Divorcing couples in Florida often rely on the services of a forensic accountant to help resolve their hotly debated financial issues. When spouses are unable to reach financial agreements, Florida’s domestic relations courts have a duty to determine spousal support and divide the marital assets, which often include the valuation of a business. The forensic accountant provides business valuation services to assist the court with the proper division of assets and liabilities. Following is an overview of how equitable distribution and alimony support payments work for divorcing couples in Florida.
What is equitable distribution?
As the title implies, equitable distribution contemplates the fair division of property acquired during a marriage. Marital property includes assets such as bank accounts, investments, retirement accounts, real estate, and business interests. It also encompasses liabilities such as outstanding loans, credit card debts, and mortgages. Whether categorized as a liability or an asset, all marital property must be divided fairly between the parties. When a spouse owns a business, the forensic accountant performs a business valuation to determine the value of this asset. Since the courts often award the business to the business-owner-spouse, the other spouse is awarded with other marital assets of roughly equal value to that of the business.
Florida Statute, Chapter 61, governs property division in divorce cases. Chapter 61 mandates that the court first award non-marital property owned prior to and retained during the marriage. After awarding non-marital assets and liabilities, the court then decides how to distribute marital property accumulated during the marriage.
After equitably dividing marital assets and liabilities between the parties, the court must decide the issue of alimony. The courts consider several issues when establishing spousal support awards; these may include the current income potential of the parties, the standard of living during the marriage, and the non-breadwinning spouse’s need. Alimony awards may be based upon one of the spouse’s child rearing or homemaking responsibilities and efforts. For long-term marriages, this type of spousal support has traditionally been permanent in nature. Courts may even award alimony to a spouse who desires to further his or her education in order to enhance their future earning potential. This type of alimony is called “rehabilitative alimony” and is temporary in nature.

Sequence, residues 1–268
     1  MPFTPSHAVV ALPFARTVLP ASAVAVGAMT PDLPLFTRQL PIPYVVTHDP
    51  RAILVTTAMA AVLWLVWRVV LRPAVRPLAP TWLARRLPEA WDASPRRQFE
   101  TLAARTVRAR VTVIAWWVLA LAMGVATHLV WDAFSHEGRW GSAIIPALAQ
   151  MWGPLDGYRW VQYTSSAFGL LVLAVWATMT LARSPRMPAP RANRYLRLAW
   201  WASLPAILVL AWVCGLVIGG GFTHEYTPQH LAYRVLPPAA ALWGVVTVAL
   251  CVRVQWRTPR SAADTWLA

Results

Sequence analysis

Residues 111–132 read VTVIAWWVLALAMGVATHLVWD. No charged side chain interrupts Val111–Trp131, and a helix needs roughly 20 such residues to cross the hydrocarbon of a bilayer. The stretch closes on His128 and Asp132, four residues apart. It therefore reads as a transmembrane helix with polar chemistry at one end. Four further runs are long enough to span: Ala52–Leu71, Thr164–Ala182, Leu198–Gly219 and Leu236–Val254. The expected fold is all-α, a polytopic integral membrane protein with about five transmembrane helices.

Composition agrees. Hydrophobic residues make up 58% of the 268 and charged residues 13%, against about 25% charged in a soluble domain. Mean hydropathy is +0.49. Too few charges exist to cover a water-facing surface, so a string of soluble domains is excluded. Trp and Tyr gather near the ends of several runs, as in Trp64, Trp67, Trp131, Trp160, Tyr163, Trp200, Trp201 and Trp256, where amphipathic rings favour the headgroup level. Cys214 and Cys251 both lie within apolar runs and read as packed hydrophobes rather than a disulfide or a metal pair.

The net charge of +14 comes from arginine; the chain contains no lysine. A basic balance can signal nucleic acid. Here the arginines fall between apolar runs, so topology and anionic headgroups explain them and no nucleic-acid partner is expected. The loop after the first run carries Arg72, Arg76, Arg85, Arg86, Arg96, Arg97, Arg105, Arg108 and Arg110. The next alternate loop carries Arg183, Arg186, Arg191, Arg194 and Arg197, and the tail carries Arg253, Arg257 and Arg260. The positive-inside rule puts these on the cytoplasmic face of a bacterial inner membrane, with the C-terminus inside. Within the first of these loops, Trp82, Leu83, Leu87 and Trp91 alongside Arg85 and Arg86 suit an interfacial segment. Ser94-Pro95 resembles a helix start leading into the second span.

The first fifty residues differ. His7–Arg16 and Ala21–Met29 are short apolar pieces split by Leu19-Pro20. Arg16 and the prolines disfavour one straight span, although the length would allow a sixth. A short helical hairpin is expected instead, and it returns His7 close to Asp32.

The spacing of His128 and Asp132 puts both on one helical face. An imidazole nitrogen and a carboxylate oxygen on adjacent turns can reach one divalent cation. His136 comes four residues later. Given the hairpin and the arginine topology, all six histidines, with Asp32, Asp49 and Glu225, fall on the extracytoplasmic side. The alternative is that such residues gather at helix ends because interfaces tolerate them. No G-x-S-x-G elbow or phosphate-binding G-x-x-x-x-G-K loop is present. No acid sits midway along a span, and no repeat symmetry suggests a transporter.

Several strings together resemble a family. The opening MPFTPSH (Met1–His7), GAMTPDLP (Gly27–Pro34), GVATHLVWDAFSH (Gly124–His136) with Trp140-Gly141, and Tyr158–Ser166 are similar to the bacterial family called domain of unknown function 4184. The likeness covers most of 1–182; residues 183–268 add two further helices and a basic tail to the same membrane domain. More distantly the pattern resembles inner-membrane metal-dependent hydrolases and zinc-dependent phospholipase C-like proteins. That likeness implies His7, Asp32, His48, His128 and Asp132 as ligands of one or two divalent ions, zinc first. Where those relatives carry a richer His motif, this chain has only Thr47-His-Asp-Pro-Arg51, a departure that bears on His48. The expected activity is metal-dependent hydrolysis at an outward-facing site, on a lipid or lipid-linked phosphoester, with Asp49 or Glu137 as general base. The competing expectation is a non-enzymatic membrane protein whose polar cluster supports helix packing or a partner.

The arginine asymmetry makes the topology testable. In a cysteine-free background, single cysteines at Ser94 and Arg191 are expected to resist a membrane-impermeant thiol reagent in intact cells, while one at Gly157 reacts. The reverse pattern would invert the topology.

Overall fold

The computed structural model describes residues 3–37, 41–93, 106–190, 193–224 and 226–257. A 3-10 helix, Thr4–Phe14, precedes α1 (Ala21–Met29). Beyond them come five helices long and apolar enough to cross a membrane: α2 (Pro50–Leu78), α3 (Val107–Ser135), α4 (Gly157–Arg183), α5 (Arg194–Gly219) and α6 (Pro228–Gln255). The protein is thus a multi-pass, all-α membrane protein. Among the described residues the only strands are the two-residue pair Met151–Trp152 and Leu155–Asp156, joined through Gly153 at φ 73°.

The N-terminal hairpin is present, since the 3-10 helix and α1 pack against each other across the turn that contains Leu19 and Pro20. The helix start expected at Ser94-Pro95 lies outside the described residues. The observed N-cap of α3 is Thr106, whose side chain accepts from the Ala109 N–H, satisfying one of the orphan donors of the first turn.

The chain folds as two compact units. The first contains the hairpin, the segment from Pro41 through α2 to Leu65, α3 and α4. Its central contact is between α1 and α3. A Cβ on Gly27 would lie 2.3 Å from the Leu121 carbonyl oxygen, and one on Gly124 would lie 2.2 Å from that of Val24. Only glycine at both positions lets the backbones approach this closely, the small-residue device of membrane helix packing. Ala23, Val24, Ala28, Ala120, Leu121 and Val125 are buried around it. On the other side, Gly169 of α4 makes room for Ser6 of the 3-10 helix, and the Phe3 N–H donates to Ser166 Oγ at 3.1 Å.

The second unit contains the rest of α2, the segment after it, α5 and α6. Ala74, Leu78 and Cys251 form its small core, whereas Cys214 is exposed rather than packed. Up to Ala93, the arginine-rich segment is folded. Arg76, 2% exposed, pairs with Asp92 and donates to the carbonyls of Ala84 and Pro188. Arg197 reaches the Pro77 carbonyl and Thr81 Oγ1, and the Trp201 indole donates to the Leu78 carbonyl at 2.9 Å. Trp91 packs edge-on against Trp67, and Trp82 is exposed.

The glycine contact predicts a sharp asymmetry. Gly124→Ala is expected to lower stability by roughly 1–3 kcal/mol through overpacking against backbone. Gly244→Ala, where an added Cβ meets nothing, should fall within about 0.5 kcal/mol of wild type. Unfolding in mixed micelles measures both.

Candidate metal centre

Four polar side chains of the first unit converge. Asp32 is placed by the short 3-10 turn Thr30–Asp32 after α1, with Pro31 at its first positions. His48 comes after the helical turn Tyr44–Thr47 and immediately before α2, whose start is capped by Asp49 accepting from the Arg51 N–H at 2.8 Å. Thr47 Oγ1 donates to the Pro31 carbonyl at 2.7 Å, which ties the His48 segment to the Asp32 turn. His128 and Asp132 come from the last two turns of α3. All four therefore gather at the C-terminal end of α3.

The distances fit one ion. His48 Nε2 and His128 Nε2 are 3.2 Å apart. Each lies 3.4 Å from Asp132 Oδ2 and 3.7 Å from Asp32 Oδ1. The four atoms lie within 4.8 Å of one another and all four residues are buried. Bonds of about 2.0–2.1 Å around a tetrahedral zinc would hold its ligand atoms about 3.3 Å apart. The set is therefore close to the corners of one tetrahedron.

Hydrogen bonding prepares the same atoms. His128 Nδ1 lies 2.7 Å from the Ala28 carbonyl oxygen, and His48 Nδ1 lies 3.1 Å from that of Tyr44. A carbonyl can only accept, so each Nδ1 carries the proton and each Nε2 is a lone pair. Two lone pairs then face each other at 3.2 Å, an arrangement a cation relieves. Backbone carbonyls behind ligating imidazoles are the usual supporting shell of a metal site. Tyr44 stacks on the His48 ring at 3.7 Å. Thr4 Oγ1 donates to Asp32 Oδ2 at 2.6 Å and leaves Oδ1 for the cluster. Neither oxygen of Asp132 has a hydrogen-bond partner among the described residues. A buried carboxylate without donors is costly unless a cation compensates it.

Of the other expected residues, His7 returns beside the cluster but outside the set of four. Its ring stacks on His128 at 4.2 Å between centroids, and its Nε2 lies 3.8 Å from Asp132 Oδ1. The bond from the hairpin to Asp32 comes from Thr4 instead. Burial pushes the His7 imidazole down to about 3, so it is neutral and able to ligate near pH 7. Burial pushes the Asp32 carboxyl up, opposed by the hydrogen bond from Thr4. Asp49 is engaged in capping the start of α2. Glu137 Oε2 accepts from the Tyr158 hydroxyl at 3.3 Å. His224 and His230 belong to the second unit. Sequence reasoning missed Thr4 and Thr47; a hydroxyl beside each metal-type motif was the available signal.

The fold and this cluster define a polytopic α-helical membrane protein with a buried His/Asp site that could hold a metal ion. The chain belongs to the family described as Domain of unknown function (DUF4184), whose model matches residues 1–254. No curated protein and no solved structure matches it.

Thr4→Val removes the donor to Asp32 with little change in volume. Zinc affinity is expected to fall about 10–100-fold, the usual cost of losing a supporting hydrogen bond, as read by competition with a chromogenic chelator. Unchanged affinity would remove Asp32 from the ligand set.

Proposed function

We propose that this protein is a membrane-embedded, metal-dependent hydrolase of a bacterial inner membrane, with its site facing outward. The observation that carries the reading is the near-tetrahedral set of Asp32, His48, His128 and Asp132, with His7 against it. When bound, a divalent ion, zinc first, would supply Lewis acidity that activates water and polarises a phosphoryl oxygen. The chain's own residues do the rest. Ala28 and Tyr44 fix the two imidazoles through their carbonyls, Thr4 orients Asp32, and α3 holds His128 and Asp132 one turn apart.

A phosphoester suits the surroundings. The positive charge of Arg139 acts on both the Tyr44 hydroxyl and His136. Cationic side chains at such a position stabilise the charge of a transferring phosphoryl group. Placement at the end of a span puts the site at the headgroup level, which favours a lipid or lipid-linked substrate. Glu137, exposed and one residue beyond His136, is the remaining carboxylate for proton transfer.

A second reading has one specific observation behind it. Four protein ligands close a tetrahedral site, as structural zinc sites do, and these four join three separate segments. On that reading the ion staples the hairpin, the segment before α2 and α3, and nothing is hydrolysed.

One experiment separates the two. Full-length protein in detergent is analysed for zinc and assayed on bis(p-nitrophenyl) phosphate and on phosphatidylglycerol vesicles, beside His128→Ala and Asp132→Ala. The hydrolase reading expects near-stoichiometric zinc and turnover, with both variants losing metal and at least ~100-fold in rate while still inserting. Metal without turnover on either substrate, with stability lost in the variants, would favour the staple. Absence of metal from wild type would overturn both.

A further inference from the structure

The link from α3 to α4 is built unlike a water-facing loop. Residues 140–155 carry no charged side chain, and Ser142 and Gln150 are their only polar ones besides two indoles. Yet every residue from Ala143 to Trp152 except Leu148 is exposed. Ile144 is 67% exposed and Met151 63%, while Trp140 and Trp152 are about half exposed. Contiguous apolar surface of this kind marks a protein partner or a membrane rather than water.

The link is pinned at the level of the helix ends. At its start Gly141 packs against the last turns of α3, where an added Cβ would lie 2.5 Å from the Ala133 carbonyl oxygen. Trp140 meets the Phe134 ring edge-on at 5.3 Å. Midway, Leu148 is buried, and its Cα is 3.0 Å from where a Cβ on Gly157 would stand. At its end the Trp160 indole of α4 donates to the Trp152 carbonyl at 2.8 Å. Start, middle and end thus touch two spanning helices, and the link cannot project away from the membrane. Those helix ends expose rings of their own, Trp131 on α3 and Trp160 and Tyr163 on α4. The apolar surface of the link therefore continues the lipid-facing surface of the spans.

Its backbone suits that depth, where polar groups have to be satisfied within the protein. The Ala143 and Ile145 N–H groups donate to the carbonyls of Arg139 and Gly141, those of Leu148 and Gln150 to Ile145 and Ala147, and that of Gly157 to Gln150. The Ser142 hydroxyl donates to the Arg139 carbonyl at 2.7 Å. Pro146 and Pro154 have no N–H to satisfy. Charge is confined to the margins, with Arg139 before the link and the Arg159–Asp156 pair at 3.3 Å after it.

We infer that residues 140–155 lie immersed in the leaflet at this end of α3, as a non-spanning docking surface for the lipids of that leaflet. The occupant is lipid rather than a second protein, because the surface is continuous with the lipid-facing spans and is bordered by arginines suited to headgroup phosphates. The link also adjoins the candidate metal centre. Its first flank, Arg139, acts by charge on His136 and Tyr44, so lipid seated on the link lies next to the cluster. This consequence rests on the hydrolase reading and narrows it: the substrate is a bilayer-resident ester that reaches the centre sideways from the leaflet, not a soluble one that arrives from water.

New trend in Florida divorce law:
Florida Legislature recently introduced Senate Bill 718. This proposed legislation was designed to modify current alimony laws by eliminating permanent alimony awards. Instead, a limit on spousal support awards would be established based on each spouse’s current income and the length of the marriage. Marriages lasting fewer than 10 years would be considered “short term” and any alimony award would be limited to 25 percent of the payor’s income. “Medium length” marriages, lasting between 11 and 21 years, would be limited to 35 percent of income. Marriages over 21 years in duration would be classified as “long term” and have an alimony limit of 38 percent of gross income.
Florida governor Rick Scott vetoed Senate Bill 718 on May 1, 2013. Scott cited its retroactive application to existing alimony arrangements as his primary reason for doing so. Scott said the proposed law “tampers with … settled economic expectations of … Floridians who [are already divorced].”
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Although Senate Bill 718 was vetoed by the governor, this bill potentially foreshadows major changes to Florida’s existing divorce laws. These changes would have profound implications for those wishing to end their marriage. Those considering or currently involved in a divorce in Florida should consult a qualified Florida divorce lawyer immediately. For more information about how we might be able to help, please give us a call: 727-726-3600.